This style may appeal to some, but personally, I find it detracts from, rather than enhances, the story, burying it in dense descriptions and slowing adjectives that make the text difficult to read.
As The Death of Doctor Island progressed, I understood more of Nicholas’ predicament, but inversely, I came to care less and less about it. The reading of The Death Of Doctor Island, like Fifth Head before it, became a chore rather than a pleasure. When the death of the title came, it had no emotional impact for me whatsoever. Also, The Death Of Doctor Island is part of a trilogy where “Death”, “Doctor” and “Island” are rearranged to create a new story, so as a reader, I was aware that the story was nothing more than an exercise, therefore invoking a feeling of emotionless intellectualism, and little else. (However, The Death of the Island Doctor is a much better story for reasons mentioned below.)
In Forlesen, my final example of his longer works in the collection, the main character, called Forlesen, wakes up in an ordinary, if futuristic, domestic situation with no recollection of how he got there. It’s (relatively) clear from the start that he is trapped in some Kafkaesque nightmare and, as the story progresses, he goes through a number of situations showing he has little control over what happens to him and we learn that his, and everyone else’s, life has been accelerated, so he lives and dies in the space of one day. While Forlesen is in a position akin to Josef in The Trial, he doesn’t fight his situation and merely accepts it despite a few misgivings. This made the story tedious and it was difficult to empathize with the character. I wanted the protagonist to react to the possible simulacrum he found himself in, but he did nothing except act as a means through which the reader could look at Wolfe’s hellish world. Again, the protagonist was an intellectual tool of a story that is acutely aware that it is merely a piece of fiction and nothing more. Perhaps others would enjoy attempting to work out where and why Forlesen is in this position, but, as with Number Five and Nicholas, I just didn’t care enough about him to put in the effort.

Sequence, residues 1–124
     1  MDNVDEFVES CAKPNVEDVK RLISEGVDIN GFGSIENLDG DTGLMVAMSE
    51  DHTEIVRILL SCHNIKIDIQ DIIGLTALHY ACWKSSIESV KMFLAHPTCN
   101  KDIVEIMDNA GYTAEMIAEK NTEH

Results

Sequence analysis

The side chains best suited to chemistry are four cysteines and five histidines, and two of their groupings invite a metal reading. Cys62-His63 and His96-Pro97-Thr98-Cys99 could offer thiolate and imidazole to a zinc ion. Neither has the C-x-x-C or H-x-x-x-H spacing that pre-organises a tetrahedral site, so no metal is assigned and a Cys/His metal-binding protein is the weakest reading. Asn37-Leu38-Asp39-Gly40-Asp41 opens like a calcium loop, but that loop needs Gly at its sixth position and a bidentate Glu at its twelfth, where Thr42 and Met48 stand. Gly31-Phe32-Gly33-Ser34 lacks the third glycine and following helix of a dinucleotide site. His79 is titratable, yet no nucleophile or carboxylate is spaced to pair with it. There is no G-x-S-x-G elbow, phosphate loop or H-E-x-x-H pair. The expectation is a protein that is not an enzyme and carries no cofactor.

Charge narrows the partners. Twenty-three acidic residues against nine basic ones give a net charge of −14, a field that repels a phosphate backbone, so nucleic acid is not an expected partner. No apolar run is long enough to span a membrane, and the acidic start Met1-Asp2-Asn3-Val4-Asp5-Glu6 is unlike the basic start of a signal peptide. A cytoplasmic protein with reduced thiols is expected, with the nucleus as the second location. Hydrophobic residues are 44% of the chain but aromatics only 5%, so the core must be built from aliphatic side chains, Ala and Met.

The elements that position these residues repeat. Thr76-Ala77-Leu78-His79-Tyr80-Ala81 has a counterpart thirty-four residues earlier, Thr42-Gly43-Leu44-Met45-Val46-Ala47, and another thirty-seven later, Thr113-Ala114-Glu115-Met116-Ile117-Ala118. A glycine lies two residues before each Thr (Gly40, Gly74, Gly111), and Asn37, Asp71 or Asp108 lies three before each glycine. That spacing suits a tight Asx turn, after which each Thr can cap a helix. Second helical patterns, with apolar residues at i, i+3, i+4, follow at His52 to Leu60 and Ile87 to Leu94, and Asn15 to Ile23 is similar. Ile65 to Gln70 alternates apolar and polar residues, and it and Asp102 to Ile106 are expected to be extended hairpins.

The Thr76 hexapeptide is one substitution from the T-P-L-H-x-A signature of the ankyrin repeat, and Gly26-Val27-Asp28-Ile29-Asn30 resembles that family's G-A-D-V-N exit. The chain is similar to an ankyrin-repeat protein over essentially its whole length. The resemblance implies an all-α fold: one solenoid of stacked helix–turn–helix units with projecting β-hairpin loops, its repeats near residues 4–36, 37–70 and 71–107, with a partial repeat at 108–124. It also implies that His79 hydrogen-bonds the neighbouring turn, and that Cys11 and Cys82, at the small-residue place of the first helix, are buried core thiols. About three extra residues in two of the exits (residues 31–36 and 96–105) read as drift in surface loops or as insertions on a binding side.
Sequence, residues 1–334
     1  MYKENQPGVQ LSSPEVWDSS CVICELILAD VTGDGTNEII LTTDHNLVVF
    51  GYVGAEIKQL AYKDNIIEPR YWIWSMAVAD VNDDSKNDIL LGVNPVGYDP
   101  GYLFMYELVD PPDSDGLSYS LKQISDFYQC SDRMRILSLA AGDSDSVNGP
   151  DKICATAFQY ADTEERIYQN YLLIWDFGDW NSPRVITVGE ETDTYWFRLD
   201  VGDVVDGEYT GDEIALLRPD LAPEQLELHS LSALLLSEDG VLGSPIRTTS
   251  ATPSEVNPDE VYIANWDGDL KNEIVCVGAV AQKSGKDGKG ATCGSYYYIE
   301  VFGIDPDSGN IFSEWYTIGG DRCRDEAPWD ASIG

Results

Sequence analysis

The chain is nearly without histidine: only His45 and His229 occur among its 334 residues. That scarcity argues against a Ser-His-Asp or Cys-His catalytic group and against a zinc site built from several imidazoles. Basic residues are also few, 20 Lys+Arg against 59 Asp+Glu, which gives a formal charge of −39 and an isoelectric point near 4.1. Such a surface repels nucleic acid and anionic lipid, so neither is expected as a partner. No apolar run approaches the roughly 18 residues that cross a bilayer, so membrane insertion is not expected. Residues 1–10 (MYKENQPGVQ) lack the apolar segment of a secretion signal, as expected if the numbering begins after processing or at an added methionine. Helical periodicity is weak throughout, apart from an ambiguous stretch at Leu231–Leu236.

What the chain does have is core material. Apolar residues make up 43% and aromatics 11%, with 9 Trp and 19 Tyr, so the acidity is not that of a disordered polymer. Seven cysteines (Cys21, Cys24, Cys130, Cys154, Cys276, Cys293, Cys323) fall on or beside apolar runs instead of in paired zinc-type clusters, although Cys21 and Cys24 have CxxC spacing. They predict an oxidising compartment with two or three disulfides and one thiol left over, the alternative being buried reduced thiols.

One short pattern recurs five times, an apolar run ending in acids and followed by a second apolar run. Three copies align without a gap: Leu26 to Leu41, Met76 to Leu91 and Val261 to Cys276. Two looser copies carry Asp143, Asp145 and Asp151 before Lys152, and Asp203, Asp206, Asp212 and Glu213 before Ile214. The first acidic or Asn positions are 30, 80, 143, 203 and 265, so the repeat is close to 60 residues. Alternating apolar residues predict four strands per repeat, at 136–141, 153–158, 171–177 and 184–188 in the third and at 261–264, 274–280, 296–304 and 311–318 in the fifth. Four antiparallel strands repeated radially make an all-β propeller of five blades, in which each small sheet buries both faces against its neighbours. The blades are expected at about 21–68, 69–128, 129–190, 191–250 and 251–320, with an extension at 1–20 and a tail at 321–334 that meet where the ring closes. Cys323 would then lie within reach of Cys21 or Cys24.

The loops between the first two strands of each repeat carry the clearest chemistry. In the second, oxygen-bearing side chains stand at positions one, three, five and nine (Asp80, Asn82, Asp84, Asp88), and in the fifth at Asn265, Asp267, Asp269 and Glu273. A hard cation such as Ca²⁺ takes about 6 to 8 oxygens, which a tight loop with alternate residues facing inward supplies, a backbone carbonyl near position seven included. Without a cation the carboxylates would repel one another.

Overall, Wolfe could have gotten away with these overly-intellectualised themes if he had made the prose briefer and more direct, and the characters more realistic, but the ponderous nature of the stories and the shallow characterisation make them grating to read, alienating the casual reader. I imagine that studying these stories in a class, or poring over their meaning in a thesis, would appeal to some, but aesthetic problems with the texts will put many people off.
However, and this is a big “however”, there were times where I was genuinely impressed by his writing. When Wolfe wrote much shorter stories and placed them in a more contemporary and perhaps prosaic setting, like Kevin Malone, From the Desk of Gilmer C. Merton, The Death of the Island Doctor, and Red beard, I found that I enjoyed them immensely. They were clear, concise, entertaining, human, and humorous, and showed that Wolfe could be an intelligent and observant person, rather than a dry academic toying with metaphysical concepts in borderline-sadomasochistic text. From the Desk of Gilmer C. Merton, for example, is just an exchange of letters between a new writer and his agent and is very entertaining (especially when reading the frustrations of the writer trying to get his first advance), while Kevin Malone is about an out-of-work couple given a luxurious lifestyle without knowing why. It is an interesting look at people’s perceptions of their places within society. Sadly, though, there aren’t enough of these sorts of stories within the collection to really recommend that people seek it out.